Special players perspective edition
or the Short Happy Life of Bennybe the Rogue
Before today, my last character was a human druid named Shmuckly. He was known for having invented a backpack for transporting potted plants. He would hurl a plant as his opening salvo in an engagement and in this way he was able to cast his main spell, entangle, in almost any environment. It was Shmucklys way of spreading nature, like Jhohnny Appleseed. This character only rose to 5th (or was it 7th… hmmm…) level, and I last played Shmuckly in 1985. I then became the dm for my group of friends and never played a PC again with little regrets. That all changed today, when I took up the reins of the PC once again, and rolled up Bennybe the Eladrin Rogue 4. Bennybe was a wastewalker though I forgot to use his encounter power the entire time we played, much to my chagrin. I did use most of my powers though, and while I am mixed as to my final verdict on Bennybe as an effective character, I had a lotta fun. Read on to find out how Bennybe and his friends, the tiefling warlock, the goliath barbarian, the thri kreen seeker, and the half elf bard went in search of the lost cistern of Aravek. I cant remember any of the characters names, so from here on out, they will be known as Ron the warlock, Midget the half giant, Dr Flamulus the Mad Guitarist Bard and my son the seeker who well just call Pakcha why not. I might be called Bennybe, Barnaby, Bugz Bunny or a few others.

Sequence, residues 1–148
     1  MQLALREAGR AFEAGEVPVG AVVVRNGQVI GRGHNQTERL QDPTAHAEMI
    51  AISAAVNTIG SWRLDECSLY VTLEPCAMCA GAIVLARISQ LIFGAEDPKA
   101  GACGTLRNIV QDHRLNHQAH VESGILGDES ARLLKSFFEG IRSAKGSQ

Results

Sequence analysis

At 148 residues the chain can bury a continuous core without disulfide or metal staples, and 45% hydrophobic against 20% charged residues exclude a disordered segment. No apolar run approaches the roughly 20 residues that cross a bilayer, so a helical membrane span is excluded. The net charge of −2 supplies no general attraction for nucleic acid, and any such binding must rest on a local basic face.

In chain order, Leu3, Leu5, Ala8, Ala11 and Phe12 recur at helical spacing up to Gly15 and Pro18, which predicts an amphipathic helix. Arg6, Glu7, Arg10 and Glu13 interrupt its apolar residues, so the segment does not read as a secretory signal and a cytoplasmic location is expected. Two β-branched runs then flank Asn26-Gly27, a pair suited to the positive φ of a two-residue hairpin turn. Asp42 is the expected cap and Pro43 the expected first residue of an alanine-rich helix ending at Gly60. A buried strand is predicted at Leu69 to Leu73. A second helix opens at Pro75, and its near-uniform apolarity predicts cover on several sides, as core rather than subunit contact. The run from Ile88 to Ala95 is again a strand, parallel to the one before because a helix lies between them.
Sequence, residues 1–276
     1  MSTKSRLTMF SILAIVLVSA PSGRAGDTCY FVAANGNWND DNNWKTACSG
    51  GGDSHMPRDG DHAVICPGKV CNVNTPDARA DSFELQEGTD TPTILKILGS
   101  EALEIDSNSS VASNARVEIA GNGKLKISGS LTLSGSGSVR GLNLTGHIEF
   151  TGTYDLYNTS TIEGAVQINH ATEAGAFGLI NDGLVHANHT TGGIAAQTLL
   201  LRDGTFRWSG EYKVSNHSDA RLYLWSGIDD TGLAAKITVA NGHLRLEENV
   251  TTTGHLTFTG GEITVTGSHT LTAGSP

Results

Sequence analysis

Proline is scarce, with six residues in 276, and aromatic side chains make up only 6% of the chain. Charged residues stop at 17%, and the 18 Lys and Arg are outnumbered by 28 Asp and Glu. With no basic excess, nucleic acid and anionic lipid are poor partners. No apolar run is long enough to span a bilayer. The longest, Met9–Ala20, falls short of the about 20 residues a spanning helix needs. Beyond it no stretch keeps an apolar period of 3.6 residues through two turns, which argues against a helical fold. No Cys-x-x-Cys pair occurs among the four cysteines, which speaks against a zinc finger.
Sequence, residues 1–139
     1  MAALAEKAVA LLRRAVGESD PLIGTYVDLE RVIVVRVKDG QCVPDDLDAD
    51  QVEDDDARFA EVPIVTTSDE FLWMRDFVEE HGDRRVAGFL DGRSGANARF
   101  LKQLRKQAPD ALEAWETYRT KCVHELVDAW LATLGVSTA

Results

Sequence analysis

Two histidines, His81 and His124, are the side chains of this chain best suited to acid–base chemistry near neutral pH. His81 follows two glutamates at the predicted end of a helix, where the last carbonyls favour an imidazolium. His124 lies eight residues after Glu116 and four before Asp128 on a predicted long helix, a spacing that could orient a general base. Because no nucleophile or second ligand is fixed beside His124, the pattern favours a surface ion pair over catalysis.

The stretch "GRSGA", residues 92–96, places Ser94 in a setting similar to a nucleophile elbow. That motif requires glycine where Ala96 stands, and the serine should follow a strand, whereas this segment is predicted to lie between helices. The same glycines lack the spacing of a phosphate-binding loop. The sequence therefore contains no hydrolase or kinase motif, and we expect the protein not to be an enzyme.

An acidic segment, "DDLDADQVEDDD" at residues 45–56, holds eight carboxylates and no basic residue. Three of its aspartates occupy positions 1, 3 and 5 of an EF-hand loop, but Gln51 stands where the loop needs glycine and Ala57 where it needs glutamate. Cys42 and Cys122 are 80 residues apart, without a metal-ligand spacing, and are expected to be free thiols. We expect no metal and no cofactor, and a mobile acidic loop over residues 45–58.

Well, the plan was to play from noon to 4 pm, and I was late by almost half an hour. Not being the dm had instantly converted me back into my slothful, chronically late and unprepared usual self. Once we got started, we still managed to get through two encounters in our time, so it wasnt too shabby. The adventure began in the usual Dark Sun tradition, a doomed expedition into the Wastelands on a hopeless mission. This on involved water, magic wter perhaps, so we knew it was serious busiiness. I reminded everyone to buy survival rations and sunrods. And healing fruit. I wanted a bunch of healing banana fruits. So my first roll of the day was part of a group endurance check, and I rolled a 20! Auspicious beginnings indeed.
Some more skill checks happened and might have included zombie cactus, butin the end a few of us lost healing surges and we were attacked by a herd of elves. To me, it was worth failing a skill challenge if it meant we could rid the world of another herd of elves. And so we commenced to do just that.
They must be destroyed
We were surrounded on all sides and attacked by 8 or so of these elves. There was a leader who stayed well back, a group of slinging minions, then 4 or so regular old elf dune striders. The battle went ok, and it took a while for us to whittle them down, but in the end we were victorious and no one dropped. Most of us however, were bloodied, especially Bennybe and Midget. It was during this battle that I noticed my rogue was not quite meeting the min-maxed damage output I was expecting.